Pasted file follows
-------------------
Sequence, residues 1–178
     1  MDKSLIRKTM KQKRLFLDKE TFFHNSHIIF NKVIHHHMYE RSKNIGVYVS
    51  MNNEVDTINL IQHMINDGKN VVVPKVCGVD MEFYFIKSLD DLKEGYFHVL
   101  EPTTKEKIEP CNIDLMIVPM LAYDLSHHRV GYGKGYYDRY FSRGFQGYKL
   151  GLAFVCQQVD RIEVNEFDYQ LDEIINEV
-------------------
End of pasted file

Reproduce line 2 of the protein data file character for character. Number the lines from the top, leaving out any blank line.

     1  MDKSLIRKTM KQKRLFLDKE TFFHNSHIIF NKVIHHHMYE RSKNIGVYVS